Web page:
North Island robin

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North Island robin
North Island Robin-edit.jpg
Scientific classification edit
Kingdom: Animalia
Phylum: Chordata
Class: Aves
Order: Passeriformes
Family: Petroicidae
Genus: Petroica
Species:
P. longipes
Binomial name
Petroica longipes
Garnot, 1827

The North Island robin (Petroica longipes) is a species of Australasian robin endemic to the North Island of New Zealand. It and the South Island robin (P. australis) of the South Island and Stewart Island were once considered conspecific (and called the "New Zealand robin"), but mitochondrial DNA sequences have shown that the two lineages split prior to the Pleistocene and support the classification as two different species.[2]

Description[edit]

Juvenile begging for food

The plumage is dark grey-black overall with a pale area on the belly and breast (which is smaller than that of the South Island robin) and pale streaking on the upperparts. They are sexually dimorphic, with males having darker plumage than the females and being slightly larger.[3]

Distribution and habitat[edit]

The North Island robin is distributed mostly in the centre of North Island, with small relict populations in the north and south in Moturua Island in the Bay of Islands, Little Barrier Island and Kapiti Island.[4] Populations have been reestablished in Zealandia sanctuary in Wellington and Moehau in the Coromandel Peninsula.[5][6] A remnant population is also re-establishing itself in the Ohope Scenic Reserve near Whakatane; 40 birds were translocated to the reserve from Mokoia Island to assist the population there.[7]

Their natural habitat is mostly natural forest, particularly Podocarpus and Nothofagus forests, from sea level up to the tree line.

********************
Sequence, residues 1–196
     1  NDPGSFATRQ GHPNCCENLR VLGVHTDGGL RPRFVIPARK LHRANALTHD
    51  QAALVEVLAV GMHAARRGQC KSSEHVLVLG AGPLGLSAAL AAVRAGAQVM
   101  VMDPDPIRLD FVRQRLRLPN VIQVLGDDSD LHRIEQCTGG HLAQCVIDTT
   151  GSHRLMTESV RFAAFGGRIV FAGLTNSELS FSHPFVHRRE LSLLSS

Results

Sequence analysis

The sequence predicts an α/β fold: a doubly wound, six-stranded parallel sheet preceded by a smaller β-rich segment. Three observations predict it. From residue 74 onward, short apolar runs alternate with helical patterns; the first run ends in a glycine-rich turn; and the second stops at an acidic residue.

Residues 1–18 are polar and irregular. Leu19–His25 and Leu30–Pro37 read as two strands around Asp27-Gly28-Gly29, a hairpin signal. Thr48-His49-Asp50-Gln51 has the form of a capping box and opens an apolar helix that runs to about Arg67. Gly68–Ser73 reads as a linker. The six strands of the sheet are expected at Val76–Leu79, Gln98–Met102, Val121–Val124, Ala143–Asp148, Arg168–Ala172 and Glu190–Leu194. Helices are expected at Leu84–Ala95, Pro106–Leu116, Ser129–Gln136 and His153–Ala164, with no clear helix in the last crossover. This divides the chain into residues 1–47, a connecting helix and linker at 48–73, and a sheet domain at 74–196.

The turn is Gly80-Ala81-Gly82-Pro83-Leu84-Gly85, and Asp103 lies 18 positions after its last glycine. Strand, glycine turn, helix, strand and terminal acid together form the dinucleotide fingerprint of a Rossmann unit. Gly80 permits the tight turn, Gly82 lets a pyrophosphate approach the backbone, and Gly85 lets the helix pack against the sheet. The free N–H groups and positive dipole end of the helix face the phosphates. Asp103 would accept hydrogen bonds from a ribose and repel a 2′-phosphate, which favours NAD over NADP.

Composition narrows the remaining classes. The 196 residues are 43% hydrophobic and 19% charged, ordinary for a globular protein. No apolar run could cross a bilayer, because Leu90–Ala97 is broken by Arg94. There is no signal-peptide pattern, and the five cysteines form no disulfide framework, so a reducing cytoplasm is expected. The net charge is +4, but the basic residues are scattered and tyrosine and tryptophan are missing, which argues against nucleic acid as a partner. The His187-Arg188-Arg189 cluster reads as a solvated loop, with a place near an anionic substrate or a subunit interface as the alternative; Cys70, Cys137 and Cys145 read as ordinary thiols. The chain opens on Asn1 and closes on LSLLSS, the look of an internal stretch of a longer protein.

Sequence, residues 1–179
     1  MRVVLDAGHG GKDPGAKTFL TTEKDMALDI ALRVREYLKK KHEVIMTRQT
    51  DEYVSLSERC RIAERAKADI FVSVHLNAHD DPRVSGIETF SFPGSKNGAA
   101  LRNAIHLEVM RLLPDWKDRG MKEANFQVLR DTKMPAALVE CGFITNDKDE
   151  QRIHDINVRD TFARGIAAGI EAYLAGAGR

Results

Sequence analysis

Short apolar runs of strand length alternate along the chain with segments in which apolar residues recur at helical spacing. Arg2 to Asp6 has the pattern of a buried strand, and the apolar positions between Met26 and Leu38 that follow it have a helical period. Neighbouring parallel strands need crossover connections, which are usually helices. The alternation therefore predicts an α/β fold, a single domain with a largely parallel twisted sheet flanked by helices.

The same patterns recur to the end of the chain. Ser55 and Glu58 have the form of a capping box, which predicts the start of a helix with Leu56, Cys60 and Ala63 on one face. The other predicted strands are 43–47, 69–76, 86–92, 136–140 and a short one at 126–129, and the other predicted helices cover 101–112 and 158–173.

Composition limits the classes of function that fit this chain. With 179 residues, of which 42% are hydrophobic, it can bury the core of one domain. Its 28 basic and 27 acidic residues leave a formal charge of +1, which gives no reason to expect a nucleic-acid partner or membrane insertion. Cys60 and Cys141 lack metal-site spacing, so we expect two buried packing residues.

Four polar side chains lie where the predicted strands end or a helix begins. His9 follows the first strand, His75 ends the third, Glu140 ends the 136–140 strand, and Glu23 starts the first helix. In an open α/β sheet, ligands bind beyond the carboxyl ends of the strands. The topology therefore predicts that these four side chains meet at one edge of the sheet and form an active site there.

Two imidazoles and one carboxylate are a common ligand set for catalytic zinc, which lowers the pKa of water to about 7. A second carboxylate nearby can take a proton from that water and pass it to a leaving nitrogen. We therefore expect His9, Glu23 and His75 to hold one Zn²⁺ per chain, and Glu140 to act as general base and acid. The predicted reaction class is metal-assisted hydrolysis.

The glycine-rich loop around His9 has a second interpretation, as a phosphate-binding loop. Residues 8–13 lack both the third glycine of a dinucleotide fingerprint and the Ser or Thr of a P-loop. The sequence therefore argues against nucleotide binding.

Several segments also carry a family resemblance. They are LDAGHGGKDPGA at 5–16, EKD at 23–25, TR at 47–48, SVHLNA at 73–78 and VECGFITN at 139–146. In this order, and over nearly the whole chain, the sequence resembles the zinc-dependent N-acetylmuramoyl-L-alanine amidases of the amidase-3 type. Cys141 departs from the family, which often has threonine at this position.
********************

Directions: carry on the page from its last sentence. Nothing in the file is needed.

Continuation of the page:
Behaviour[edit]

this robin has caught a tree weta

Feeding[edit]

Standing perfectly still on a perch awaiting prey

The North Island robin, like the South Island robin, is a terrestrial feeder foraging on or near the ground (unlike the related and more arboreal tomtit). Prey items are located by perch-hunting, where an individual waits at an elevated perch until prey is spotted, or by active searching; prey is taken from the leaf-litter, low vegetation (branches and foliage) and tree trunks. Numerous invertebrate prey is taken, including cicadas, earthworms, wetas, snails, and spiders. Fruit is also taken.[4] North Island robins cache food supplies for later when prey is plentiful, although males cache more food than females do.[8] Both sexes will steal food from their mate's cache, and are less likely to cache food if their mate is present.

References[edit]

  1. ^ BirdLife International (2016). "Petroica longipes". The IUCN Red List of Threatened Species. IUCN. 2016: e.T103735022A104114188. doi:10.2305/IUCN.UK.2016-3.RLTS.T103735022A104114188.en. Retrieved 15 January 2018.
  2. ^ Miller, Hilary C. & Lambert, David M. (2006): A molecular phylogeny of New Zealand's Petroica (Aves: Petroicidae) species based on mitochondrial DNA sequences. Molecular Phylogenetics and Evolution 40(3): 844–855.
  3. ^ Armstrong, D (2001) "Sexing North Island robins (Petroica australis longipes) from morphometrics and plumage" Notornis 48: 76–80
  4. ^ a b Higgins, P.J. & J.M. Peter (eds) 2003. Handbook of Australian, New Zealand and Antarctic Birds. Volume 6: Pardalotes to Shrike-thrushes. Oxford University Press, Melbourne. ISBN 0-19-553762-9
  5. ^ "North Island robin". Zealandia. Karori Sanctuary Trust. Retrieved 17 August 2018.
  6. ^ Department of Conservation (2006) Wildlife welcome robin onto Moehau in the northern Coromandel. Retrieved 21 November 2013
  7. ^ "Mokoia's robins successfully breeding in Ōhope". Department of Conservation. Retrieved 7 August 2018.
  8. ^ Burns, K.C. & Steer J (2006) "Dominance rank influences food hoarding in New Zealand Robins Petroica australis" Ibis 148: 266–272